• Director: Public health departments to get more visibile
  • Local planning for 2017 eclipse at standstill
  • CCES recognizes kindness
  • Whitfield resigns seat before set retirement
  • 3 groups of critical state workers to see raise
  • More families now qualify for child care assistance
  • Caldwell County teen dies in ATV accident
  • Beef Bash in Princeton offers producers valuable information
  • Princeton Pasture to Plate session offering tips on retaining ownership to freezer beef
  • Extension service can provide free soil testing
  • Ky. unemployment insurance surcharge for employers ends
  • SPORTS: KHSAA reviewing video from incident sparked by late hit
  • OUTDOORS: September is quota hunt application month
  • OUTDOORS: Ky. waterfowl blind drawings this month
  • FORGOTTEN PASSAGES: Shady Grove community history rich
  • Lola native Williams retires as Norton CEO
  • @ YOUR LIBRARY: Library strives to increase friendships

Tuesday, September 6, 2016

Ky. 723 closed for crash

A two-vehicle injury accident on Ky. 723 north of Salem has the highway blocked at this time. The wreck happened at 2pm.

First responders are at the scene and tending to the injured.

Motorists should avoid this area and self-detour if necessary.

Saturday, September 3, 2016

Area deaths

Kenneth Eugene Campbell, 74, of Marion died Friday. Gilbert Funeral Home is in charge of arrangements.

Edward Darrel Smith, 76, of Fredonia died Friday. Myers Funeral Home in Marion is in charge of arrangements.

Youth Triathlon is Labor Day

The annual youth triathlon will be held at Marion Country Club pool on Monday on Labor Day.

Race-day check in and registration is from 7:30 a.m., to 8 a.m. Cost is $10. For information, call (270) 704-1871.

Distances vary by age.

The event is for participants age 5-18.

The event distances are as follows for swimming, biking and running, respectively:
Age   Swim, bike, run distances
5-6, 25 meters, half mile, quarter mile
7-10, 50 meters, 1 mile, half mile
11-14, 100 meters, 2 miles, 1 mile
15-18, 200 meters, 5 miles, 2 miles

Hunting seasons kick in today

If there appears to be more four-wheel drive pickups pulling ATVs and camo-clad sportsmen in your favorite coffee shop or restaurant it's because the fall hunting seasons kick into high gear today.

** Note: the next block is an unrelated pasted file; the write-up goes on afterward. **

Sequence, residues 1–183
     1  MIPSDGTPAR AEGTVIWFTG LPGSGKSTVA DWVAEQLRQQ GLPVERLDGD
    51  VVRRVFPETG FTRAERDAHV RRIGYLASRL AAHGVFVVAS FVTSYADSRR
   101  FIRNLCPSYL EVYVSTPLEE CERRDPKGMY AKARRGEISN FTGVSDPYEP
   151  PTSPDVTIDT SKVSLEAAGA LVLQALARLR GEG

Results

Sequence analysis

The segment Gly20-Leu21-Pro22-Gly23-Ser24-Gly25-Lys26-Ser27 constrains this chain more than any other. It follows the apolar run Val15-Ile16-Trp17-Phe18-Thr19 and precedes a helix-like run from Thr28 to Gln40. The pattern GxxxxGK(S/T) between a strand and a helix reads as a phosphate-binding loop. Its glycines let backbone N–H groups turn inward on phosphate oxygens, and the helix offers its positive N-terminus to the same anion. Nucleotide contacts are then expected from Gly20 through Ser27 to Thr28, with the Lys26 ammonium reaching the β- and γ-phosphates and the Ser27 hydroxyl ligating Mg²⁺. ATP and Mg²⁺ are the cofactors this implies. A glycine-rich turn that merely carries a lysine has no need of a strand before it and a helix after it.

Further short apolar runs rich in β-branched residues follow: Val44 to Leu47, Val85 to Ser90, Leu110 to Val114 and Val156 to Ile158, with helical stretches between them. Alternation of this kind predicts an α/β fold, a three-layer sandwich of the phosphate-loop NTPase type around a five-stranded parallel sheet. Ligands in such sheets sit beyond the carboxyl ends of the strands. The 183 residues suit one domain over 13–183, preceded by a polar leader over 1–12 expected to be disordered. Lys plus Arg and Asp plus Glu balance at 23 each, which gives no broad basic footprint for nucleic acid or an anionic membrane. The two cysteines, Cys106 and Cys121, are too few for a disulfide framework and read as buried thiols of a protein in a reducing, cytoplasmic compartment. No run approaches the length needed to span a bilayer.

The dove season, which opened Thursday, will see its full frontal assault from gunners this weekend and the archery deer and turkey seasons opened today.

The Crittenden Press annual fall hunting section will be out in early October.

Job Openings

LOCAL COMPANY looking for full-time sales person to work in office. Right candidate should possess: Sales experience preferable, some Quickbooks knowledge, attention to detail. We offer: 6 paid holidays, retirement plan, paid vacation, partial paid health insurance. Send resume to: P.O. Box 191-M, Marion, Ky. 42064.

Friday, September 2, 2016

Flag football starts Saturday


Area Death

Bertha Lorine Arvin, 84, of Marion, formerly of Princeton, died Thursday. Morgan’s Funeral Home in Princeton is in charge of arrangements.

Thursday, September 1, 2016

Tour the new Restricted Custody Center


Take a quick tour of the new
Crittenden County Restricted Custody Center
It is expected to open this week
Located at the former rescue squad building
See this week's printed edition of The Press for details

Area death

Clinton W. "Pete" Drennan, 100, of Murray, formerly of Marion, died Wednesday. Gilbert Funeral Home in Marion is in charge of arrangements.

Nursing positions available


Crash blocking I-24

Interstate 24 eastbound is blocked near the Grand Rivers exit due to semi crash.

Siren malfunction

The city emergency siren that went off this morning before 8 AM was a malfunction. It is not the first time such has happened with this system.

Public offices close Monday

All city, county, state and federal offices will be closed Monday in observance of Labor Day, as well as all courthouse offices on Saturday. Labor Day closings also include the public library, senior citizens center, Extension service, mineral museum and post offices.

Crittenden County Courthouse offices will be closed Saturday, Oct. 1 due to the annual Pumpkin Festival that takes place around the court square.

The sheriff’s and circuit clerk’s offices are normally the only county offices open on weekend.

Singles Conference next week

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Local Job Opportunity

LOCAL COMPANY looking for full-time sales person to work in office. Right candidate should possess: Sales experience preferable, some Quickbooks knowledge, attention to detail. We offer: 6 paid holidays, retirement plan, paid vacation, partial paid health insurance. Send resume to: P.O. Box 191-M, Marion, Ky. 42064.